Caged people in search of ‘safety and hope…’

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“Seven years on and asylum seekers taken by Australia to Manus Island and Nauru and dumped there following the Labor government’s announcement are still there and are still in detention,” writes columnist JON STANHOPE.

WHAT were you doing on July 19, 2013? Remember anything about that day? That it was a Friday?

Jon Stanhope.

I can remember where I was. I was on Christmas Island. I can also remember watching then-prime minister Kevin Rudd on television announcing that, from that day, every asylum seeker arriving in Australia by sea would be subject to indefinite, mandatory offshore detention. 

Rudd reinforced his message with the words: “Asylum seekers who come here by boat without a visa will never be settled in Australia.”

I also recall that in announcing the implementation of this draconian new ALP policy Rudd was loyally supported by deputy prime minister  Anthony Albanese.

Seven years later asylum seekers taken by Australia to Manus Island and Nauru and dumped there following the Labor government’s announcement are still there and are still in detention.

I understand that there are 189 asylum seekers still in PNG, 187 on Nauru and, following passage of the medivac legislation, roughly 200 in detention in Australia, mostly in lock down in the Kangaroo Point Central Hotel in Brisbane and the Mantra Hotel in Melbourne.

There are also about 1020 asylum seekers in community detention across Australia.

One of the consequences of coronavirus has been the compulsory 14-day quarantining of people who are either infected or may have come into contact with an infected person.

The media has reported many people found this and the trauma they experienced in being isolated for two weeks as unbearable. 

Imagine for a moment what it must be like to have been locked up by the Australian government for seven years for what, at the end of the day, is a purely political purpose.

Imagine that it was you who fled your country in fear for your life and arrived in Australia by boat on July 19, 2013 or thereabouts, sought to exercise a legal right, under international law, to protection and to be recognised as a refugee. 

Imagine that you were, say, 21 years old at the time and that you left behind your family, including elderly grandparents and a pregnant wife and were part way through a university degree.

Imagine having formally applied for asylum in Australia, that you were peremptorily deported to indefinite detention in a hell hole in a third-world country and have been detained there for seven long unrelenting and continuing years. 

Now try, if you can, to imagine the emotional and mental torture you will have endured during those seven years and the hole it will have left in your life.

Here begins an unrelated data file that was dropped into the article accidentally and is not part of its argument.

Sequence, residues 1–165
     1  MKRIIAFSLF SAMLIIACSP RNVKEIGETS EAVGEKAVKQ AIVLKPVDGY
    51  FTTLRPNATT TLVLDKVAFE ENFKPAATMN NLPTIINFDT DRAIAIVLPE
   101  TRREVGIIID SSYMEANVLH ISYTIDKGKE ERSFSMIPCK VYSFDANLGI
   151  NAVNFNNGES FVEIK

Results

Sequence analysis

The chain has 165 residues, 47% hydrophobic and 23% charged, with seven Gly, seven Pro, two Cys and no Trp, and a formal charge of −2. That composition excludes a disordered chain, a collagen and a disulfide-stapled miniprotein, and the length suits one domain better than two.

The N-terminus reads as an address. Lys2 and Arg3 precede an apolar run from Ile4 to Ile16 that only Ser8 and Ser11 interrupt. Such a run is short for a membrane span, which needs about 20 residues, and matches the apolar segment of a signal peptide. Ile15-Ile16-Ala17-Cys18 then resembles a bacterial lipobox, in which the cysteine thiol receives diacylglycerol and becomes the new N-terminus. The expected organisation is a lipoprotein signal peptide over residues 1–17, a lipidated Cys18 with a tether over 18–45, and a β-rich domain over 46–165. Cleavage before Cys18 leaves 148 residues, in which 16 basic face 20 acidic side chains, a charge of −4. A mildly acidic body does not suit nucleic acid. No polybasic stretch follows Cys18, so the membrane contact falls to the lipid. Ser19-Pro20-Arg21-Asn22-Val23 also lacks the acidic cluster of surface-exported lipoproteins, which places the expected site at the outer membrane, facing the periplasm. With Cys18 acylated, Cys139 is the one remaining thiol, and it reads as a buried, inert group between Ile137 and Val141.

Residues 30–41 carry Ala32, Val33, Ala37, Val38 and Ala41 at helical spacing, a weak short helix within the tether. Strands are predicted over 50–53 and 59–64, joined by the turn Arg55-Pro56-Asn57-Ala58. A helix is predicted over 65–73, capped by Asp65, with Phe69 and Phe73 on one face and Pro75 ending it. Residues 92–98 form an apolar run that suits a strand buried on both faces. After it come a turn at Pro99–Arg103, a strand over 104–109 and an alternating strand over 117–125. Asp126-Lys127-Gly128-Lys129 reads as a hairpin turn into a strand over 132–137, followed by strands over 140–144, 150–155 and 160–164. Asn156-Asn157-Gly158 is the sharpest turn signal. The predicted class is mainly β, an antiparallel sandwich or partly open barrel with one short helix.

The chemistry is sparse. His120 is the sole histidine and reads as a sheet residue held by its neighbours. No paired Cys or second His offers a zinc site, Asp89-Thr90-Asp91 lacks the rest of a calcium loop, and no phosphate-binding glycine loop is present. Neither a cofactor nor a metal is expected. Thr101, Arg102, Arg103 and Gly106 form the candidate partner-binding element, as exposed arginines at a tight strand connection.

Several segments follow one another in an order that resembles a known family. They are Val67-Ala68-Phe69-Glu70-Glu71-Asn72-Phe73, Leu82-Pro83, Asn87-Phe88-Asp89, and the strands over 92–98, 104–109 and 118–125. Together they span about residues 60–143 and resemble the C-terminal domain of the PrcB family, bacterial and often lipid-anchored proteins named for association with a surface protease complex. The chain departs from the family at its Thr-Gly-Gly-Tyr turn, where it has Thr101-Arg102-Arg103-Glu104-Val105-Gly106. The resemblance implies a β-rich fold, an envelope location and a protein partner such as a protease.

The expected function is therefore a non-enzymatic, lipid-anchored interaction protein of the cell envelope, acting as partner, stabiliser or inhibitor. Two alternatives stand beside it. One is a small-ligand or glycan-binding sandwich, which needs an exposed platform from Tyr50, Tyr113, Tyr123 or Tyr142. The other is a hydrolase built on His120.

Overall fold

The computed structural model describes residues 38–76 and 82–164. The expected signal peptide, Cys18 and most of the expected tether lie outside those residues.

This may very well have included the birth of your child, who is now seven years old and whom you have never met; the death of your grandparents whose funerals you could not attend; a request from your wife for a divorce because she can no longer bear the pain and the loneliness or the lack of financial security; the loss of a dreamed about career and the onset of a debilitating mental illness. 

Imagine, too, not being able to recite adhan (the first words that a child must hear) in your newborn child’s ear; imagine missing aqeeqa, a ceremony as important to a Muslim as christening is to a Catholic parent.

Perhaps, rather than seek to simply imagine these things why not listen to what they have to say about the way we have treated them? 

A colleague and friend of mine, Dr Kirrily Jordan, an academic at the ANU, is in regular touch with asylum seekers still imprisoned by us offshore and in Australia. Last week she asked two of them to try and describe the impact and the personal loss of their seven years in detention.

This is some of what they said:

YG: We have lost a sense of meaning in our lives, we’re just breathing. The system keeps pushing us to go back to our homelands even though they know we can’t go back.

Imagine seven years – you can never think of one thing that might change for you. You’re surrounded completely by a cage and it just goes on and on like this. And it’s the same intense pain that you are still here and you can’t see any way out.

Moz Azimitabar: (Moz can be followed @AzimiMoz). We have been away from our families for seven years. We have lost our families for seven years. We’ve been tortured for seven years.

We are people seeking safety and hope. We haven’t committed any crime. We sought help from Australia because we were in danger. We left our countries because we were in danger. But the Australian government imprisoned us and transferred us by force to PNG. 

After lots of torture, last year we were transferred back to Australia for treatment, but instead of treatment the Australian government is punishing us and we haven’t received any proper medication yet and now they are trying to pass a Bill in order to take our phones. I tell you our lives depend on this time we can talk to our family and friends.

Anyone up for a quick rendition of Advance Australia Fair?

Jon Stanhope was chief minister from 2001 to 2011 and represented Ginninderra for the Labor Party from 1998. He is the only chief minister to have governed with a majority in the Assembly.


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Jon Stanhope
Jon Stanhope was Chief Minister from 2001 to 2011 and represented Ginninderra for the Labor Party from 1998. He is the only Chief Minister to have governed with a majority in the Assembly.

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